Anyone using a vertical presentation should be watching a graph at all times. It aids in keeping up with depth adjustments, and obviously you want to be watching for big marks. Truly, if there was ever an ultimate case for quality electronics for esox fishing, this is it. When precise boat control is made difficult by gusty winds, or if you feel two passes on a structure to be necessary to cover it thoroughly, plotter trails on a GPS unit are invaluable in making certain everything is covered. And, it’s simply a huge aide to have the large, color screen as on the unit I use, the Lowrance 111C, to really be able to best distinguish bottom-hugging fish. A split-screen with zoom on these units is frankly almost unfair when it comes to being able to see fish. (Of course you still have to make them bite…) It helps to distinguish forage, and bigger fish show up even better. While filming the episode of The Next Bite Television I mentioned earlier, I had just started filming a “tip” about vertical jigging when I glanced at my graph, saw a large mark, forgot all about the tip I was supposed to be doing, dropped Fuzzy down … one pump, drop …bang.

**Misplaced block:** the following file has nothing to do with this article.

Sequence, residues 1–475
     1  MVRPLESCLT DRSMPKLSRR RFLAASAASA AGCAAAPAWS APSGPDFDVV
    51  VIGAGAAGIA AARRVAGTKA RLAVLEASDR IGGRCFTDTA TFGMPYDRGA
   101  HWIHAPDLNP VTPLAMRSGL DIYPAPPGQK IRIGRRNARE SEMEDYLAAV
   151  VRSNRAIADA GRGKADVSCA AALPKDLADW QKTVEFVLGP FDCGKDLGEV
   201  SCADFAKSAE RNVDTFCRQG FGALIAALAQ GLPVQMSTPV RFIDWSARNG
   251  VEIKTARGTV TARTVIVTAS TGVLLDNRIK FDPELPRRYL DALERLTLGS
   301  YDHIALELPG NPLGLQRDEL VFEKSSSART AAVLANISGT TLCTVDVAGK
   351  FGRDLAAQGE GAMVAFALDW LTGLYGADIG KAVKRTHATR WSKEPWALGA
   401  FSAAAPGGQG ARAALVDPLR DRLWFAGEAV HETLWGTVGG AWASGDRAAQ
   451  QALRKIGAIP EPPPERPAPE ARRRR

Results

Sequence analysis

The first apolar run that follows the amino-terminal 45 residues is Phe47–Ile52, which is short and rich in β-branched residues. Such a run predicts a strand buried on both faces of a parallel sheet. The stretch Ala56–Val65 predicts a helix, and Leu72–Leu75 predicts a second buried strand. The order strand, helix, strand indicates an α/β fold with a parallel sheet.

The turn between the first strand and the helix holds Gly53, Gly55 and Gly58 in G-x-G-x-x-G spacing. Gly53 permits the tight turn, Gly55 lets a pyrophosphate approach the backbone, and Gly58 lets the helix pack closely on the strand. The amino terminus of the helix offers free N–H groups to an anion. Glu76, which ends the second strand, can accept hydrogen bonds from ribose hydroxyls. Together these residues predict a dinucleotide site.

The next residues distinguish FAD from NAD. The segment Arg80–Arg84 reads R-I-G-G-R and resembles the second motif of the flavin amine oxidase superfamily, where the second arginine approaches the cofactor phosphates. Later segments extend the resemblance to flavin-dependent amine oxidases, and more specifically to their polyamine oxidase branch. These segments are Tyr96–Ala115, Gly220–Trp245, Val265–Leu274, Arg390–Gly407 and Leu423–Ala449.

Jigging muskies is a quiet game with a lot of how it’s done left in the angler’s hands. Doesn’t take a lot of effort, but rewards concentration and attention to details of presentation like depth, speed, and applying basic mechanical skills to trigger fish.

These days the door is opening wider, as there are quite a few new options coming in lures specifically designed for vertical use. It really is, and it almost seems odd to say it these days, something quite new in tactics for esoxchasers. And it’s got me thinking all over again. In sharing the above story with Bill Shumway at a sport show over the wintermonths, he mentioned that he had been successful on the Fuzzy Duzzit as a “comeback” presentation on a big fish. He’d raised it, and returned again with other presentations, only raising the fish again. Since the fish was located on a break, he thought of his bait, tried the fish again, and caught it. How many times have you heard about coming back on a raised fish with a vertical jigging approach? Hmmmmm. Like Pearson says: thinking is just being thoughtful.


The Slo-Poke GrubMaster

Slo-Poke GrubMaster Jig

Slo-Poke GrubMaster Rigged on Grub available in the SS-75 kit


The Slo-Poke GrubMaster (The best Bass Jig that you’ve never heard of)